By Victor Ochieng
The declining membership in the Southern Baptist Church is nothing less than worrying. According to statistics, the church has lost a total of one million members over the past decade, this being the 10th straight year it’s experiencing slumping numbers.
Even though the church posted a slower pace in membership decline compared to last year, baptisms slipped to its lowest in 70 years, states a statistical report released ahead of the 2017 SBC annual meeting set for June 13-14 in Phoenix, Arizona.
The latest postings by the LifeWay Christian Resources Annual Church Profile indicate that Southern Baptist has 47,272 churches, with a combined membership of 15,216,978 for the church year 2016. Compared to the 2015 church year, the new figure represents a drop of 77,786, about half a percentage point. In the year 2014/2015, the church lost 204,409 members and 236,467 in the year before. Today the church has 1 million fewer members compared to 10 years ago.
Just to show that things aren’t right, baptisms have dropped for the fifth straight year, with the latest being 280,773 in a complete church year, the lowest to be registered since 1946’s 253,361. It was in 1948 when Southern Baptist crossed the 300,000 mark in the number of baptisms and surpassed that mark until things changed in 2015. In 1972, the church registered 445,725, being their highest ever.
Things started getting murky for the church in 1980, the advent of a decade-long controversy that hit the church over scriptural inerrancy that saw splits in the church, leading to the formation of new groups such as the Alliance of Baptists and Cooperative Baptist Fellowship. Since then, the number of baptisms posted per year has experienced a drop of more than 30%.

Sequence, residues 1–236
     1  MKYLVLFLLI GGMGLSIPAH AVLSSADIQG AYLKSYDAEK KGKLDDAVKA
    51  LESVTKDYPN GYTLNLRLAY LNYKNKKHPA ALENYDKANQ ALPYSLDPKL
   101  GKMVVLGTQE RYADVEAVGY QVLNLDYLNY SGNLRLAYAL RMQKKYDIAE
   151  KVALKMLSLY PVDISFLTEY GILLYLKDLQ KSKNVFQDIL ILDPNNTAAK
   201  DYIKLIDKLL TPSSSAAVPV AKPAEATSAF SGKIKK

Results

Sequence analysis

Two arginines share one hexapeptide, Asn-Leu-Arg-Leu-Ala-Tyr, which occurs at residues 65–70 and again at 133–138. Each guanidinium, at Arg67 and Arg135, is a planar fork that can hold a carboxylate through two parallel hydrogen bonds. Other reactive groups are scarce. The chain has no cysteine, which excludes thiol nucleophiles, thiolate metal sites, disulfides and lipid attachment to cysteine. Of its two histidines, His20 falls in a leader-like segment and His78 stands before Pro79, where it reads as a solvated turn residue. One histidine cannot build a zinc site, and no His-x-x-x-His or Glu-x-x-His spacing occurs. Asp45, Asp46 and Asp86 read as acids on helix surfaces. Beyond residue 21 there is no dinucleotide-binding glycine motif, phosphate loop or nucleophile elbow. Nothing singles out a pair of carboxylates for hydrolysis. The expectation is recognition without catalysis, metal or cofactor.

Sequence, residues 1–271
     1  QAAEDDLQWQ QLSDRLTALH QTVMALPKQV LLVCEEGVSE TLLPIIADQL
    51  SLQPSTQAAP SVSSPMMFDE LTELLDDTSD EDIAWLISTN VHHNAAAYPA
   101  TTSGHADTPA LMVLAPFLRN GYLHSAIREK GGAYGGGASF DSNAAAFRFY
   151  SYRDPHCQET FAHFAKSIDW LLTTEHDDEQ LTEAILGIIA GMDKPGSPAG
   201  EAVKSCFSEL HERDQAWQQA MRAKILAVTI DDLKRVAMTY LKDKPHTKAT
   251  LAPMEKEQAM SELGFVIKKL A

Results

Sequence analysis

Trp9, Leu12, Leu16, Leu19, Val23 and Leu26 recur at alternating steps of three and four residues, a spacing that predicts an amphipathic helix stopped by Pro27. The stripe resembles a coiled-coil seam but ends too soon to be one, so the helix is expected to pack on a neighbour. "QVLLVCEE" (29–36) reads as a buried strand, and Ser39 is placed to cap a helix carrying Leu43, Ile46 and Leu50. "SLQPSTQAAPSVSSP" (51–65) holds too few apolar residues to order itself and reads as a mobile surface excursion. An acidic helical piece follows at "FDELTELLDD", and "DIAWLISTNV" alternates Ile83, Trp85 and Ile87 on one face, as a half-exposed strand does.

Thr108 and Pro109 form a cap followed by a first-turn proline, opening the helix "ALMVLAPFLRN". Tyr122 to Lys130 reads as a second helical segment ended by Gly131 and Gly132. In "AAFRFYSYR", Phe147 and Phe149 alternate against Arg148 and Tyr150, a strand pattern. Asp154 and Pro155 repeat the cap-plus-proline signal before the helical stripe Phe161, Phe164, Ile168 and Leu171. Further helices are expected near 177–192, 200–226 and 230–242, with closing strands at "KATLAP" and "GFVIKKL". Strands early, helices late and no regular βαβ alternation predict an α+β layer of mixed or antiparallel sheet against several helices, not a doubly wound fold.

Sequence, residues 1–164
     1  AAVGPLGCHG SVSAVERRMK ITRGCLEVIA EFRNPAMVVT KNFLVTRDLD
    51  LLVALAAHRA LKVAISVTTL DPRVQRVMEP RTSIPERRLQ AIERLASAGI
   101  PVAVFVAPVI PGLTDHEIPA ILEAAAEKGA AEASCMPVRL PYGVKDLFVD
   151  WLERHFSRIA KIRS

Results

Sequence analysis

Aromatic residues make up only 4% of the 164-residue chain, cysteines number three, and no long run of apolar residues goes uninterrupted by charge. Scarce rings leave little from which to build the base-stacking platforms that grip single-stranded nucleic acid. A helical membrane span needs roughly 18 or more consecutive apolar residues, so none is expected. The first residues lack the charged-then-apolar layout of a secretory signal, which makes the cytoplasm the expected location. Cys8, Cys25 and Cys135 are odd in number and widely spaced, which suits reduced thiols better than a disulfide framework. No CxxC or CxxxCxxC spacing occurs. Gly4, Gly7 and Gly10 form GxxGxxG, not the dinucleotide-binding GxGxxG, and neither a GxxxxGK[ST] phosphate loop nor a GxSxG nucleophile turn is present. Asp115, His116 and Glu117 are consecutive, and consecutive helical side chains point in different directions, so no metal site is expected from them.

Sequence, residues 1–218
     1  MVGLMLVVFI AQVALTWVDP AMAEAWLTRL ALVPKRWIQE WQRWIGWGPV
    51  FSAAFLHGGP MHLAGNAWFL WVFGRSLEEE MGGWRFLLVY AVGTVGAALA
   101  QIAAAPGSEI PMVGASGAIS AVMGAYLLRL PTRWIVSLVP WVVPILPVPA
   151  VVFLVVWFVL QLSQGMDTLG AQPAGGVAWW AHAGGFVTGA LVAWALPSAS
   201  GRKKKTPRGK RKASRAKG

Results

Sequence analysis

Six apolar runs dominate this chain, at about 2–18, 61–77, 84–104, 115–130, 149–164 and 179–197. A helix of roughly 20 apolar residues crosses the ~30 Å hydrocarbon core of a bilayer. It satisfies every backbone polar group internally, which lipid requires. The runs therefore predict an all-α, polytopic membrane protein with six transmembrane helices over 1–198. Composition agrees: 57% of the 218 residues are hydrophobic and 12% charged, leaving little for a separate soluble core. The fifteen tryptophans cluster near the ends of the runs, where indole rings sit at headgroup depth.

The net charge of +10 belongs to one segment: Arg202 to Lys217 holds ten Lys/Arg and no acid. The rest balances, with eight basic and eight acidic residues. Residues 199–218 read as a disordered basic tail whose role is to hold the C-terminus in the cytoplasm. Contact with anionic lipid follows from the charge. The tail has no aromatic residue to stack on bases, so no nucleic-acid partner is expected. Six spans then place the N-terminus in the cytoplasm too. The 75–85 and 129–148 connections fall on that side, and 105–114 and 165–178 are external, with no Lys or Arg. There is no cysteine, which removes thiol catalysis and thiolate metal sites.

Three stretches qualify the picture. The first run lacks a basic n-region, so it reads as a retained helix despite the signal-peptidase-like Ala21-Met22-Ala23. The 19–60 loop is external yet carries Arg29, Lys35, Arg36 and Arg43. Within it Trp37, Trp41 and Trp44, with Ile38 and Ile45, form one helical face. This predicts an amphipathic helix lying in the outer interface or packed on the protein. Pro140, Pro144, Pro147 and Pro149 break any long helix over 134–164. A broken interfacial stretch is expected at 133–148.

Some have been left wondering where members go when they leave the church. Most of the explanations given for the decline are basically opinions rather than verifiable statistics.
Some of the reasons that have been floated include lack of potential members even as the fertility rate of SBC members also face the decline.
Economic hardships are driving people to work more hours is also seen as a factor, with more members choosing to work throughout the week to meet their bills. At the same time, there is a general decline in excitement about formal religion, resulting in lesser baptisms. Some have also argued that the decline in membership is due to the fact that SBC hasn’t been good with attracting membership from immigrants, meaning they’re depending on natives, a lot that’s becoming non-religious by the day.
Another important factor that has been raised is the fact that SBC isn’t good at holding on to members brought up in the church. They’re fast losing their members to other evangelical churches and non-denominational congregations.